| 
  • If you are citizen of an European Union member nation, you may not use this service unless you are at least 16 years old.

  • Finally, you can manage your Google Docs, uploads, and email attachments (plus Dropbox and Slack files) in one convenient place. Claim a free account, and in less than 2 minutes, Dokkio (from the makers of PBworks) can automatically organize your content for you.

View
 

Pulp Submachineguns

Page history last edited by Michael 2 months, 3 weeks ago

back to the Index, or to the central Gun List

 

M1928 Thompson, Erma MPE, Lanchester, Soumi KP M/31

 

     Red text represents very generic or popular weapons. Italics represent guns not actually introduced yet by the current campaign date (1933).

 

submachineguns        

name

caliber

range

shots

damage

capacity

loading

malf

weight

cost

year

Beretta 1918/30

9mm Glisenti

20

burst

1d10

25

magazine

96

7

$150

1930

  • in service with Italian police agencies, and also sold to South American countries (in 9mm Parabellum). Reputation as unreliable.

Beretta M38A

9mm Parabellum

20

1 or burst

1d10

10, 20, 30, 40

magazine

98

9.3

~$150

1935

  • adopted in 1938 by the Italian military. It is designed to use powerfully-loaded ammunition. The usual issue is six 30-rd magazines and a chest-mounted carrier for five of them.

Bergmann M/20

7.65mm Parabellum

20

burst

1d10

50

magazine

98

9.3

~$200

1920

  • produced in Switzerland until 1927, in 9mm Parabellum (Finnish Civil Guard), 7.63mm Mauser (China and Japan) and other calibers. Usually issued with four magazines and a spare barrel. This is essentially a copy of the MP 18, and thus very similar to the MP 28 (q.v.)

Bergmann MP34

9mm Parabellum

20

1 or burst

1d10

24, 32

magazine

98

9.3

~$150

1934

  • minor sales to various military and police organizations, in various calibers (inc. .45 ACP). The MP35 is very similar, but uses MP28 magazines.

BH

7.62mm Tokarev

15

1 or burst

1d10

32

magazine

96

6.2

n/a

1942

  • a "home made" gun produced by the Polish Resistance, only a very few were ever made. Some also made in 9mm Parabellum. Loaded magazines weigh 1.5 lbs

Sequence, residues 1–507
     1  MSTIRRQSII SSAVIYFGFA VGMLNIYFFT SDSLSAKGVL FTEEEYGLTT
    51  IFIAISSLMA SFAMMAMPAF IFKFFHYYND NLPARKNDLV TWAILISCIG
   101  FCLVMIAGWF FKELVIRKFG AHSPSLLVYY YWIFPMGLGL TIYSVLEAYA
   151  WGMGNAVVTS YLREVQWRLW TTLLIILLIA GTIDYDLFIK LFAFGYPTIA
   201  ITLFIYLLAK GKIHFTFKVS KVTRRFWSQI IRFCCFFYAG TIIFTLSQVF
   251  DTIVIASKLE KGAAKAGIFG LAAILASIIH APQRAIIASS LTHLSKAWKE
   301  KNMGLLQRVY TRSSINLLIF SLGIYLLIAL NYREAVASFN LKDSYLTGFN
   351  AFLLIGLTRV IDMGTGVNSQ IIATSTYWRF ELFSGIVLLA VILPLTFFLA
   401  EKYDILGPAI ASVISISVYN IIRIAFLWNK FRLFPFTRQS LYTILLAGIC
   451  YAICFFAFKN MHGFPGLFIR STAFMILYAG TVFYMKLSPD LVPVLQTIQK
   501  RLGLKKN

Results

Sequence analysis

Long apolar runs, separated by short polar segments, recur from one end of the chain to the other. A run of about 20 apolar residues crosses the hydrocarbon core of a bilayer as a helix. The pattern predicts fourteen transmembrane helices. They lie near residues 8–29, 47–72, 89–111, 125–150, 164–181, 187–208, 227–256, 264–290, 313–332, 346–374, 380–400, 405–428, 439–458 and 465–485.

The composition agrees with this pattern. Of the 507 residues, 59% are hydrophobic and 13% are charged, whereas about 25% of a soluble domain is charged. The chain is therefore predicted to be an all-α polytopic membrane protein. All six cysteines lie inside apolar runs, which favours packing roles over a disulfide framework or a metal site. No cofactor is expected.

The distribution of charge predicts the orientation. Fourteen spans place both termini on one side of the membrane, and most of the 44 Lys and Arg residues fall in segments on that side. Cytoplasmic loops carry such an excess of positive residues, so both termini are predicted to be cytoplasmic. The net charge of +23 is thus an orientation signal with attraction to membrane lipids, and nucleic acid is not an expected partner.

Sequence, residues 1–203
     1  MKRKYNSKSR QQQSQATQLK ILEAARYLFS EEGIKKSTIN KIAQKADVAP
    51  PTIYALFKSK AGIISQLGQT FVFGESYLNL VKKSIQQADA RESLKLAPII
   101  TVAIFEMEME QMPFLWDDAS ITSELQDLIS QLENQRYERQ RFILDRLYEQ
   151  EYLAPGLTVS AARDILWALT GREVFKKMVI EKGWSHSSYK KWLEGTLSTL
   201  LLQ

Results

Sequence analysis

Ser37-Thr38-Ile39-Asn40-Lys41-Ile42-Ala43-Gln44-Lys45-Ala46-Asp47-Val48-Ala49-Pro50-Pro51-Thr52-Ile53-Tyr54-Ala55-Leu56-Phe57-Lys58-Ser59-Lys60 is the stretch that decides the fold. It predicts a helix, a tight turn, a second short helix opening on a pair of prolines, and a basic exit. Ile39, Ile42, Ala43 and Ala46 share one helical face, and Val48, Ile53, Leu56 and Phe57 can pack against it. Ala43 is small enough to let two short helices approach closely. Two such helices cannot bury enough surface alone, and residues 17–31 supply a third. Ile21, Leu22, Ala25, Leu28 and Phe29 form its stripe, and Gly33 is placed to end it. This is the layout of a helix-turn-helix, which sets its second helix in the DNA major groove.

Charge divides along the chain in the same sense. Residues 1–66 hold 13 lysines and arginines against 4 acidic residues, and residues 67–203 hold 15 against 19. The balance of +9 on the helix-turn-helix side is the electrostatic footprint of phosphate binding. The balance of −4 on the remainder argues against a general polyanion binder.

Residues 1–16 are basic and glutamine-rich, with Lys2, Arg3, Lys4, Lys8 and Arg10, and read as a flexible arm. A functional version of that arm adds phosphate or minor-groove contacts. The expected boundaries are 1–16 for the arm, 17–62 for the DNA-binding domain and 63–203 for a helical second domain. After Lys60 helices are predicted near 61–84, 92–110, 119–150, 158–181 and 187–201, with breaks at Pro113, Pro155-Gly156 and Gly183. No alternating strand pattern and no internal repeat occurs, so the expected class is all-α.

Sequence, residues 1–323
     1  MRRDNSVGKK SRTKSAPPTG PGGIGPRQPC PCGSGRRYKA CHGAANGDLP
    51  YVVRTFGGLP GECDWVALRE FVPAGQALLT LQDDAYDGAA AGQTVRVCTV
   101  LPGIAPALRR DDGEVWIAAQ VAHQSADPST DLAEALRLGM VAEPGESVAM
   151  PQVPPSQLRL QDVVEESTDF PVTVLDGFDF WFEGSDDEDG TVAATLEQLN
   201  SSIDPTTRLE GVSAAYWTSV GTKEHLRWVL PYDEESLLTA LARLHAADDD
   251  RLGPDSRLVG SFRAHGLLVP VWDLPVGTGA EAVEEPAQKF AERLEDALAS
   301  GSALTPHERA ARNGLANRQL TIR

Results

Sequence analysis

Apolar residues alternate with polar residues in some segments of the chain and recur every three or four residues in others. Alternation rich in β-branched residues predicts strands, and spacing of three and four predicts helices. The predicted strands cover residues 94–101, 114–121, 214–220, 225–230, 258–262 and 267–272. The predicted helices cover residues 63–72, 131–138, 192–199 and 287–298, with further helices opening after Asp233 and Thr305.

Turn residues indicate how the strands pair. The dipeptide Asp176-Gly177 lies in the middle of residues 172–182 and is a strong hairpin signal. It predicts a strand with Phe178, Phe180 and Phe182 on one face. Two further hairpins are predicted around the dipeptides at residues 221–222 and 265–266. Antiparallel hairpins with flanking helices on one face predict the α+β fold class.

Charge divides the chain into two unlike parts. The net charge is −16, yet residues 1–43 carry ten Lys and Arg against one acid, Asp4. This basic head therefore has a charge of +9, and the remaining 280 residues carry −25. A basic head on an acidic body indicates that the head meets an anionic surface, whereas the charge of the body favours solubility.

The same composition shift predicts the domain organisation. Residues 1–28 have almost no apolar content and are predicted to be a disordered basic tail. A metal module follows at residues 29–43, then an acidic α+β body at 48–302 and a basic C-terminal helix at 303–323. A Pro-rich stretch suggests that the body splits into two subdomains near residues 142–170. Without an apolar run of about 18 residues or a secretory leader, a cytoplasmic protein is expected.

Erma MP38

9mm Parabellum

20

burst

1d10

32

magazine

98

9.1

?

1938

  • adopted in 1938 for German panzer crews, and rapidly thereafter to the rest of their military

Erma MPE

9mm Parabellum

20

burst

1d10

32

magazine

98

9.1

~$180

1930

  • sold to Germany (as the MP34), Spain, and nations in the Balkans, Latin America and Asia. Earlier versions were available from the late 1920s. Also available in 7.63mm Mauser, or any other equivalent caliber.

Lanchester

9mm Parabellum

30

1 or burst

1d10

50

magazine

98

9

$70

1941

  • British copy of the MP 28/II. Sten guns (and the MP 28) use the same magazine dimensions, so the Lanchester can use 32 round Sten magazines.

MP 28/II

9mm Parabellum

30

1 or burst

1d10

20, 32, 50

magazine

98

9

$70

1928

  • German weapon -- also manufactured in Belgium as the Mitraillette Modele 34, and in Spain in 9mm Largo caliber; also sold to European, Latin American and Asian armies in various calibers; an expensive 50 round "snail" magazine is available for 9mm Parabellum guns. Derived from the older MP 18, and similar to the Bergmann M/20.

PPD-34

7.62 Tokarev

20

burst

1d10

25, 71

magazine

98

7.1

n/a

1934

  • mechanically a copy of the MP 28, produced in small numbers for security forces and border guards, unlikely to be seen before 1937. The 71 round drum magazine weighs 5.5 pounds loaded. Also used by China and Spain.

Soumi KP M/26

7.65mm Parabellum

20

burst

1d10

36

magazine

99

9

?

1925

  • produced in small numbers for the Finnish military, plus 5 for Estonia. It has an extremely curved magazine.

Soumi KP M/31

9mm Parabellum

30

burst

1d10

20/25, 50, 71

magazine

00

16

$300

1931

  • Finland's standard SMG; the 71 round drum weighs 5.5 lbs loaded, and were available from 1936. The 50 round magazine was available from 1940. Adopted in 1937 by Sweden, later by Denmark and Switzerland

Steyr-Solothurn SI-100

9mm Parabellum

20

burst

1d10

32

magazine

98

8.5

~$400

1931

  • of Swiss/German/Austrian origin, used by Austria, Hungary, and various Latin American and Asian countries. Other calibers available

Thompson M1928

45 ACP

20

burst

1d10+2

20, 50, 100

magazine

98

6

$225

1921

  • used by the US Navy and Marines (500 guns purchased, including those in shipboard armories), the Coast Guard, U.S Postal Service (250 guns, most of them transferred to the USMC by 1927), the NYPD (495 guns seized from an IRA shipment), the Soviet Union (several hundred purchased via Mexico in the 1920s, and used by politically-reliable units), Hollywood studios and prop houses (at least a hundred), a few other police departments and prisons, the Nationalist Chinese, company security forces (for uses during strikes), some Latin American nations, the IRA ... and gangsters. 20 round stick magazines cost $3 each; drum magazines are of 50 round capacity ($21 each), along with very rare, awkward (10 pounds loaded) and expensive ($30) 100 round drums, but change Malfunction to 96 or 95 respectively. A canvas magazine pouch for four 20 round magazines costs $5; a canvas case with shoulder sling for a drum magazine, $6. The manufacturer stopped selling these weapons to civilians in 1930, due to bad publicity; after that date, covert sales of untraceable weapons bring prices of up to $1000 each. 30 round magazines weren't introduced until December of 1941. The usual package for police included a fitted case, a 50 round drum magazine, and two 20 round "stick" magazines. BSA, in the United Kingdom, built a few under license, including some in 9mm Parabellum and 9mm Largo. The earlier M1921 model is mostly the same, but has a lighter bolt and a higher rate of fire.

 

Comments (0)

You don't have permission to comment on this page.